Entries Tagged 'Jobs' ↓

Word of The Day – Stagflation

Those of us who lived through recession during Jimmy Carter’s Presidency will remember this word—stagflation.

During Carter’s time in office we had long-lasting rise in unemployment and even gasoline rationing – one could only fill up on certain days of the week. 

It was a frustrating time for me as, with two graduate college degrees I stood in a line of 200 unemployed workers in South Carolina trying for a grocery store’s cashier job. 

Stagflation is a word that conflates inflation with stagnation into one word.

First inflation comes about because there is “too much money chasing too few goods”. (And since our tariffs on imports are a tax on U.S. consumers, we expect prices of U.S.-made goods will go up in a trade war).

Then, if the government does nothing to curtail inflation, will come layoffs of workers.

After that, if too many Americans aren’t able afford to buy higher-priced U.S. goods, we’ll have stagnation occur in our economy because the production of goods and services slows down or even starts to decline.

Note too that the US. is a debtor country. We import $3.1 trillion and export only $2.5 trillion in goods and services.

Trump’s tariffs are threatening us with this fate again. Here’s why. Continue reading →

Trump’s Terrible Tariffs

This year the Spring 2109 issue of my alumni magazine from the University of Wisconsin-Madison printed a brief article titled, “What’s the Tiff About Tariffs?”

In this article, U.W. Economics professor, Menzie Chinn, alleged that Trump’s tariffs are failing to protect domestic U.S. industries from foreign competition.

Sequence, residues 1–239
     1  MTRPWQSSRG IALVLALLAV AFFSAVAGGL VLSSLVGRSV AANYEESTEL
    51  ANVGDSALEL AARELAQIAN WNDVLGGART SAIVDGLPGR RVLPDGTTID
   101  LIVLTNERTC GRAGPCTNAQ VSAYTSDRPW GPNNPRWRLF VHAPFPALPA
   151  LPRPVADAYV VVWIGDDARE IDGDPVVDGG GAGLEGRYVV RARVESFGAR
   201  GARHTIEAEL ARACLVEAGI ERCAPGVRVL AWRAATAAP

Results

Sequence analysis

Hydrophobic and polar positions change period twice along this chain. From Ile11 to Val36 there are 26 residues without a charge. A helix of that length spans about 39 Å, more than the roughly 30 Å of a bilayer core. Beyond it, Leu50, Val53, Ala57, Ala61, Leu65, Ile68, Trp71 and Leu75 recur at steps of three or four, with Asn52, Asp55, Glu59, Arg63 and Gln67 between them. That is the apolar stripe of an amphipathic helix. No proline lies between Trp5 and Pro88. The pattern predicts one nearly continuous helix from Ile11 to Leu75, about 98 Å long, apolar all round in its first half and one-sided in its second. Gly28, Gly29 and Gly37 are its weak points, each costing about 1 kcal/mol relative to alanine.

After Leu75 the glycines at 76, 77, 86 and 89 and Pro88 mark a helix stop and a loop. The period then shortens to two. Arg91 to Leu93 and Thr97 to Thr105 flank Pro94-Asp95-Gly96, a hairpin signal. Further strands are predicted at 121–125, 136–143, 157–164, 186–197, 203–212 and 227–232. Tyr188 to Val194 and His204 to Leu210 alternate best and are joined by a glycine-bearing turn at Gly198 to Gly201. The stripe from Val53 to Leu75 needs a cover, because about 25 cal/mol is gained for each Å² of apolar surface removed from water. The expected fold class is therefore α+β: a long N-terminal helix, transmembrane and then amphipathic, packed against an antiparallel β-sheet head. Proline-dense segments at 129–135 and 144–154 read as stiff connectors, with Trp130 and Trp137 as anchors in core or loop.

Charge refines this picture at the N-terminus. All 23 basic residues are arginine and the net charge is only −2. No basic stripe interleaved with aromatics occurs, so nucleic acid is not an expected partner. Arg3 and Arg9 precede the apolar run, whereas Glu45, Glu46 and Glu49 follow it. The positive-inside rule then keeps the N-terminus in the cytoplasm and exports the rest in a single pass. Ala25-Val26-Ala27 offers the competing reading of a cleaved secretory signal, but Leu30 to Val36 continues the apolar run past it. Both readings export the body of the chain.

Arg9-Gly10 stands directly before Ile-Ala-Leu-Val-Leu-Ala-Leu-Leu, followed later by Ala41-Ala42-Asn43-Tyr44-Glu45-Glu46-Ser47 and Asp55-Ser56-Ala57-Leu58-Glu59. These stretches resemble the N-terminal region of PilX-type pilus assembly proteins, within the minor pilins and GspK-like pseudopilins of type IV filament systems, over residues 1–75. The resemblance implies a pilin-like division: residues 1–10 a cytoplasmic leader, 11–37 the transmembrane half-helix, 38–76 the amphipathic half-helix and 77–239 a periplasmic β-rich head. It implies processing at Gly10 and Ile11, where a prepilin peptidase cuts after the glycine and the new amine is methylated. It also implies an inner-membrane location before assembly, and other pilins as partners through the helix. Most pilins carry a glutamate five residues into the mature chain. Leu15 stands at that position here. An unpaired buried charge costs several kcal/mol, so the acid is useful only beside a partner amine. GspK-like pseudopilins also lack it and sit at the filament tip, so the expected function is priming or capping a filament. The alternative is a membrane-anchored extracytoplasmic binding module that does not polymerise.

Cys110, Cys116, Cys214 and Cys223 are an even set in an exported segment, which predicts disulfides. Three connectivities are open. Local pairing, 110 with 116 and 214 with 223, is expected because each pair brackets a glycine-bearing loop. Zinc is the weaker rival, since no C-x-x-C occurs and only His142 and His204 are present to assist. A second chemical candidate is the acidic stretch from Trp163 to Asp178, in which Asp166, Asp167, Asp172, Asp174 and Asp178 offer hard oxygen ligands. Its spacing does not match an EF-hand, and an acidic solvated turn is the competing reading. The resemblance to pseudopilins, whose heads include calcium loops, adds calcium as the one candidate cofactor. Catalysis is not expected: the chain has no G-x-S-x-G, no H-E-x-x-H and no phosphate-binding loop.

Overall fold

In previous posts on Brucenomics, the earliest on December 2016, “The Emperor Has No Clothes,” and the latest on March 12, in “Word of the Day — Tariffs“, I argued that Trump’s tariffs were not likely to improve the U.S. economy.

In early 2018, when I first read about President Trump’s tariffs on Canadian aluminum and steel, I worried his actions might well drive the U.S. into the arms of oligarch-owned companies in Russia. Previously we had bought the bulk of those two raw materials from Canada.

U.W.’s alumni magazine this year confirms my fears. Continue reading →

Word of the Day — Tariffs

Nearly everyone and his or her brother and sister have come out against Trump’s tariffs on steel and aluminum this week! 25 percent on steel and 10 percent on aluminum.

I have read some things I didn’t know about tariffs on steel and aluminum. Most of these things came from an article in The Conversation titled “George W. Bush tried steel tariffs. It didn’t work” by William Hauk, Associate Professor of Economics at one of my alma maters, the University of South Carolina in Columbia.

Here are some facts I didn’t know

Continue reading →